Robert Buchanan (1841-1901), The Bookworm
With spectacles upon his nose,
He shuffles up and down;
Of antique fashion are his clothes,
His napless hat is brown.
A mighty watch, of silver wrought,
Keeps time in sun or rain
To the dull ticking of the thought
Within his dusty brain.
To see him at the bookstall stand
And bargain for the prize,
With the odd sixpence in his hand
And greed in his gray eyes!
Then, conquering, grasp the book half blind,
And take the homeward track,
For fear the man should change his mind,
And want the bargain back!
The waves of life about him beat,
He scarcely lifts his gaze,
He hears within the crowded street
The wash of ancient days.
If ever his short-sighted eyes
Look forward, he can see
Vistas of dusty Libraries
But think not as he walks along
His brain is dead and cold;
His soul is thinking in the tongue
Which Plato spake of old;
And while some grinning cabman sees
His quaint shape with a jeer,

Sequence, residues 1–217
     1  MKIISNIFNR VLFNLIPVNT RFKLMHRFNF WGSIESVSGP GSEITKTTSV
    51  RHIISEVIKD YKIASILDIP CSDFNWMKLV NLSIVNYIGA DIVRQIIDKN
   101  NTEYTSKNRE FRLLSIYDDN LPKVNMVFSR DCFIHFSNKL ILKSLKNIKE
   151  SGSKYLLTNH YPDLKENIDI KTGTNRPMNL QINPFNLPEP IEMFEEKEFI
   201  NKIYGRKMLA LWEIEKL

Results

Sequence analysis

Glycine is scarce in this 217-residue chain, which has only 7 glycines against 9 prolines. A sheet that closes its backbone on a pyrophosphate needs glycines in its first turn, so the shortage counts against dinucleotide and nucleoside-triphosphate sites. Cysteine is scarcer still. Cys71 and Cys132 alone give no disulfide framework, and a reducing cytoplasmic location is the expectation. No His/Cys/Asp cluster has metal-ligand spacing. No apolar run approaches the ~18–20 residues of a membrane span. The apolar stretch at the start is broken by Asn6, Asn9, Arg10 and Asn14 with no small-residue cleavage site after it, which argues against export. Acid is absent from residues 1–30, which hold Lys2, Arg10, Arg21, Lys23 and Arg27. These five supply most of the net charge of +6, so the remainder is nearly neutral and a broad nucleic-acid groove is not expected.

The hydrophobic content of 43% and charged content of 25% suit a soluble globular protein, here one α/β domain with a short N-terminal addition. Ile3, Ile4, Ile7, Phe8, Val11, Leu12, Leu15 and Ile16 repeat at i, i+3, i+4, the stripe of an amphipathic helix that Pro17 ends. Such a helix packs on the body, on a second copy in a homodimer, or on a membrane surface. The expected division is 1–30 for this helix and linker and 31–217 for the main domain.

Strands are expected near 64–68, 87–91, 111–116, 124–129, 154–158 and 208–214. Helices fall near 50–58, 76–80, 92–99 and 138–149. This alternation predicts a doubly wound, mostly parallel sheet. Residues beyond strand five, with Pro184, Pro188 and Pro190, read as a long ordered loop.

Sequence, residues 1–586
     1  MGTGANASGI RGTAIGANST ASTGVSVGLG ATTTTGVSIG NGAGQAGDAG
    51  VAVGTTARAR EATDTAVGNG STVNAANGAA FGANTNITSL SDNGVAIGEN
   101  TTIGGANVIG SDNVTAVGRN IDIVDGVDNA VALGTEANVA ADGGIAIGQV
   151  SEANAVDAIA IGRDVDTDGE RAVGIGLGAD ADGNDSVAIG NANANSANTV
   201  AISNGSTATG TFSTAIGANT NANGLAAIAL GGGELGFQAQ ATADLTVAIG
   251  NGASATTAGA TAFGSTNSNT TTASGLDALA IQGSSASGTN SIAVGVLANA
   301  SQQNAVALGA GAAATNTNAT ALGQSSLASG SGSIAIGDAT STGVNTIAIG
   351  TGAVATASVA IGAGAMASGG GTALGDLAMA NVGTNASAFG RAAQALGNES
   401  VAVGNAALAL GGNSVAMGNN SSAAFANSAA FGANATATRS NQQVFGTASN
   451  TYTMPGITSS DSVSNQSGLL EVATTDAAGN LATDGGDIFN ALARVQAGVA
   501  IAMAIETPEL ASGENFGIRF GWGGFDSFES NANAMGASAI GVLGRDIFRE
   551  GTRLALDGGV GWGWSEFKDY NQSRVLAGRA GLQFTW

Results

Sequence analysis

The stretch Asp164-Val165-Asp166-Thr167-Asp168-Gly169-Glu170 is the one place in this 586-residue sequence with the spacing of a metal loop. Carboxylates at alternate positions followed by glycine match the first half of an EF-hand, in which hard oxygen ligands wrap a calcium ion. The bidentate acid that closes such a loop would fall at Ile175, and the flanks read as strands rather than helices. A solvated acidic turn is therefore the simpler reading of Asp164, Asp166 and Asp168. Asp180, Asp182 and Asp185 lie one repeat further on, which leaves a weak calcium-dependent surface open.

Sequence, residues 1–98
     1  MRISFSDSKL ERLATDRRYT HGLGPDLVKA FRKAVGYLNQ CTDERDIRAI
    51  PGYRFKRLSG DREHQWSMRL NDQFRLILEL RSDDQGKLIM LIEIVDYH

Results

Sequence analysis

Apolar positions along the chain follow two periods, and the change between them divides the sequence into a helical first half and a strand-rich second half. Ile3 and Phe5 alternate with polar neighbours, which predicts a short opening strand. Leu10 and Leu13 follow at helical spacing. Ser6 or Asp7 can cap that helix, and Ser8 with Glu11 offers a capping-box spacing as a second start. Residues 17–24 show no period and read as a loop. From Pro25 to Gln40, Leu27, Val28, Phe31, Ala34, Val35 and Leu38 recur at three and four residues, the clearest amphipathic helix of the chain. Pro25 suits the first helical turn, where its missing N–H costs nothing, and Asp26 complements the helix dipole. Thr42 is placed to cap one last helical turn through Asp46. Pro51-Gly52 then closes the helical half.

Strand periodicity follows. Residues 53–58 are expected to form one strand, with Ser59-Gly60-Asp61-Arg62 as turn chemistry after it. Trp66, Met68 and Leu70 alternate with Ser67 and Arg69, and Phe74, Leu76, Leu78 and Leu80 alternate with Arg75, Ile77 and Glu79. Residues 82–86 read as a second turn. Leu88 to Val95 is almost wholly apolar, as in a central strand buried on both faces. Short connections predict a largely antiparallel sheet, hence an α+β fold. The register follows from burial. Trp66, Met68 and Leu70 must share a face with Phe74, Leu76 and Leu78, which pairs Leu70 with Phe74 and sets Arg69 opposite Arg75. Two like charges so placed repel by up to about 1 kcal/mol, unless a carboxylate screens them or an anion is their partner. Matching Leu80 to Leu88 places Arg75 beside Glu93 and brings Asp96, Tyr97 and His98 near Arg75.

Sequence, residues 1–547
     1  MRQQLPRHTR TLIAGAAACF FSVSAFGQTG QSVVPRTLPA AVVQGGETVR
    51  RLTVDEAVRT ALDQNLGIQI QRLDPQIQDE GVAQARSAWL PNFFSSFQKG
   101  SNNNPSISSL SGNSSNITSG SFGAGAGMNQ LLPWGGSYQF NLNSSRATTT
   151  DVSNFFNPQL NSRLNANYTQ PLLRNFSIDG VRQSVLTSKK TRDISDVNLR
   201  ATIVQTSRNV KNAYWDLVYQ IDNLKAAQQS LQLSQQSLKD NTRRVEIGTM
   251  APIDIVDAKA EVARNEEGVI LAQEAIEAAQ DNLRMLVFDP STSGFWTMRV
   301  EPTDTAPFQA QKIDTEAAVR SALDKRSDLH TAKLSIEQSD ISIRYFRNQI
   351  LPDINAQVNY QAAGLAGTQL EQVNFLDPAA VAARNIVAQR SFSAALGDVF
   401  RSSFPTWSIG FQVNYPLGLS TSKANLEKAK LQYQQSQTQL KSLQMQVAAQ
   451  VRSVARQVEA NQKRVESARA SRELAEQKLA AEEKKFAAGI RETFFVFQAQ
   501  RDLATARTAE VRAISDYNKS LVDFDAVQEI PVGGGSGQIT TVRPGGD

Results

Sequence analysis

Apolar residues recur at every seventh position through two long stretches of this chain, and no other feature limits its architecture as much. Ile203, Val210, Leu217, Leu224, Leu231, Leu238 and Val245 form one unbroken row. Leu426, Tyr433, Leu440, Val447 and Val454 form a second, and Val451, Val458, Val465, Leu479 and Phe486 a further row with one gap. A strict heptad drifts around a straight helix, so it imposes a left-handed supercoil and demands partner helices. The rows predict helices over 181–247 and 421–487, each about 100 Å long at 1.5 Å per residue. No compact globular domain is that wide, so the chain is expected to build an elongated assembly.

He smiles, — for Aristophanes
Is joking in his ear.
Around him stretch Athenian walks,
And strange shapes under trees;
He pauses in a dream and talks
Great speech, with Socrates.
Then, as the fancy fails — still mesh'd
In thoughts that go and come —
Feels in his pouch, and is refresh'd
At touch of some old tome.
The mighty world of humankind
Is as a shadow dim,
He walks through life like one half blind,
And all looks dark to him;
But put his nose to leaves antique,
And hold before his sight
Some press'd and withered flowers of Greek,
And all is life and light.
A blessing on his hair so gray,
And coat of dingy brown!
May bargains bless him every day,
As he goes up and down;
Long may the bookstall-keeper's face,
In dull times, smile again,
To see him round with shuffling pace
The corner of the lane!
A good old Ragpicker is he,
Who, following morn and eve
The quick feet of Humanity,
Searches the dust they leave.
He pokes the dust, he sifts with care,
He searches close and deep;
Proud to discover, here and there,
A treasure in the heap!